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Every source I can find of the lyrics of Тополиный пух claims that the song contains the following line near the beginning:

И беспечной птицей в небо улетаешь

If I understand correctly, «беспечной» is declined in the genitive case, which makes sense in the context of the English translation of the lyrics that I found ("[and] like a carefree bird").

However, «птицей» appears to be declined in the instrumental. Why is this the case? Doesn't this break the agreement between the adjective and the noun (as well as not making much sense—"with a bird")?

It's possible that this is simply a transcription error that someone made and every other website copied, as the genitive of птица, птицы, sounds similar (and I can't tell from the audio which one is actually being sung). Additionally, -ей seems to be a common genitive case ending, but it's just the wrong one for птица.

However, I know next to nothing about the Russian language, so I'm not sure whether any of this is accurate. Is this simply an error in the written lyrics, or is there a reason to use the instrumental case for the noun here (or am I wrong about its being in the instrumental at all)?

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    The endings of genitve, dative, instrumental and prepositional cases for feminine adjectives are the same: -ой/-ей. – Abakan Jul 4 '17 at 15:45
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    In English the mark of Genitive case is preposition "of". So it is not Genitive in English either. – Anixx Jul 8 '17 at 22:51
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"И беспечной птицей" is indeed in an instrumental case - it answers the question "Улетаешь кем?" - птицей.

To better understand why it is so, think of this phrase as of something with hidden verb which is not used but sort of is implied:

Улетаешь [прикинувшись/обернувшись/cтав] кем?

There are actually some other phrases constructed similarly, like in:

  • Сейчас волком завою от тоски. (I'm about to howl [like a -> becoming] a wolf)
  • Клубы дыма незатейливой вереницей спиралек улетают куда-то ввысь.

But still you just need to memorize how verbs are governed. After all, why, say обернувшись лисой, not just обернуться в лису? With whatever tricky explanation we'll come, it's just that we need to learn it

There's no contradiction between the adjective and the noun in instrumental case - actually adjective is also in instrumental - @Abakan got it covered right in the comment.

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    Ah, I see, I missed the fact that the adjective can also be instrumental. Спасибо! – Doorknob Jul 4 '17 at 16:19
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It is instrumental case indeed.

One of the functions of instrumental in Russian is conveying sense of similarity. Usually it can be replaced with an analytical construct with как ("like"):

  • Время летит стрелою (как стрела) // Time flies like an arrow
  • Я волком (как волк) бы выгрыз бюрократизм // I'd tear like a wolf at bureaucracy

Russian adverbs ending in -ски, -цки (по-английски, по-дурацки, мастерски) etc. are in fact remnants of the same paradigm in Old Russian: they are nothing else than adjectives in what used to be m. pl. inst. in Old Russian.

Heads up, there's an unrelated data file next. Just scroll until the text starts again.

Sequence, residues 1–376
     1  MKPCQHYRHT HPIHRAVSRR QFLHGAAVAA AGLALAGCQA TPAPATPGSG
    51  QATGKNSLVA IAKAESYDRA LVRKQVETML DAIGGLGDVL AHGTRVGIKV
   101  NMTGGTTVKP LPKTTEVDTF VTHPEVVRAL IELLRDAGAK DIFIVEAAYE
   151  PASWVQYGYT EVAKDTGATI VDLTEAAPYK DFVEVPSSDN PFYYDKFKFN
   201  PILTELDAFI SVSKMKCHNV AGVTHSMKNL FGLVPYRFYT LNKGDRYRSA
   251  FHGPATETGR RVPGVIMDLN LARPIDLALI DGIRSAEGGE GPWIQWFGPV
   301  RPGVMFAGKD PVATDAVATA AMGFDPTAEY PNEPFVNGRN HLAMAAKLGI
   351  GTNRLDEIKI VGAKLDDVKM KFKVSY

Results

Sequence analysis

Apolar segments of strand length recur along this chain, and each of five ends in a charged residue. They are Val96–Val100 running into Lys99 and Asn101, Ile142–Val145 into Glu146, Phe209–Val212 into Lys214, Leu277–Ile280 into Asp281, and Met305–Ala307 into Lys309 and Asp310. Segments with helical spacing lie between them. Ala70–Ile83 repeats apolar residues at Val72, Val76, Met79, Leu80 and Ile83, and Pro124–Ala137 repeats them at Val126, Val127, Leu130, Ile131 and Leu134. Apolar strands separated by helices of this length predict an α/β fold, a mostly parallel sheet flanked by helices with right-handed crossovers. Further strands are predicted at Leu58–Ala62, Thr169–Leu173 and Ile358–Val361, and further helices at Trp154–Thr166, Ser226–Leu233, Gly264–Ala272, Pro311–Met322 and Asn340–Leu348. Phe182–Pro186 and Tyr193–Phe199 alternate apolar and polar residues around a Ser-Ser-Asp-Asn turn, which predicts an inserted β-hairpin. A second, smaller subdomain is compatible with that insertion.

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    Волны падали вниз стремительным домкратом ))) – shabunc Jul 4 '17 at 16:00
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The line is correct and makes sense as written:

И беспечной птицей в небо улетаешь

While "беспечной" could be genitive, if you refer to a conjugation chart you will see that this form is also prepositional, dative, or instrumental. You have to look at the context to resolve the ambiguity. Since it modifies "птицей" which is unambiguously instrumental, "беспечной" resolves to instrumental to match. So, there is no agreement problem.

Changing "птицей" to "птицы" as you propose would indeed put it in the genitive case, but the resulting sentence would no longer mean "like a carefree bird". Instead it would be "of a carefree bird" which would not make any sense.

Nor does "беспечной птицей" mean "with a carefree bird". That would be "с беспечной птицей". The preposition "с" is necessary to convey "with" in the sense of "together". So, the person addressed is not flying off in the company of a carefree bird.

Without the preposition "с", the instrumental case has two main uses:

  1. To indicate that the noun so declined is an instrument or means used to accomplish the action
  2. To indicate that the noun is the name of a role being played

So either the bird is a vehicle used to fly away into the sky, or the person flying away is playing the role of a carefree bird. I am guessing that in this context the second option is the most likely. Therefore the literal translation is:

And as a carefree bird [thou] art flying away into the sky

In the Russian text the "thou" is omitted, but we can infer it from "улетаешь", "art flying away".

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Instrumental case is used here because a verbal participle будучи (being) is implied: И беспечной птицей в небо улетаешь.И, будучи (whom? what?) беспечной птицей, в небо улетаешь.

The difference is that the participle creates a subordinate clause, while its omission gives a simple sentence with no clauses.

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